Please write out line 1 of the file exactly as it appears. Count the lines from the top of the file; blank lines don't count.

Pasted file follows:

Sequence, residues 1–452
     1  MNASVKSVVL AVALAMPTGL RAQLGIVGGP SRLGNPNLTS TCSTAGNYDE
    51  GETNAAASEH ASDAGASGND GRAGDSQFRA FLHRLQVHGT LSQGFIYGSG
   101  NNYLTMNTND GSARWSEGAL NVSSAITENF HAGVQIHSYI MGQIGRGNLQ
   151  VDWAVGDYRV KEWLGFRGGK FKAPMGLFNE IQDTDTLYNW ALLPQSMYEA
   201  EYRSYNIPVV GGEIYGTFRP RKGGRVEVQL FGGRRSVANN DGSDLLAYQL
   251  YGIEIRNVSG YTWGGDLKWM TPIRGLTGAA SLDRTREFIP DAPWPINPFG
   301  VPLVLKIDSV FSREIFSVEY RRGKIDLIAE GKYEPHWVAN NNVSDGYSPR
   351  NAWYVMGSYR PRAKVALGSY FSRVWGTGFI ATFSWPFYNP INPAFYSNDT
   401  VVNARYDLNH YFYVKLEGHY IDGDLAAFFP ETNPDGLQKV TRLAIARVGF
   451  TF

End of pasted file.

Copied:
Sequence, residues 1–452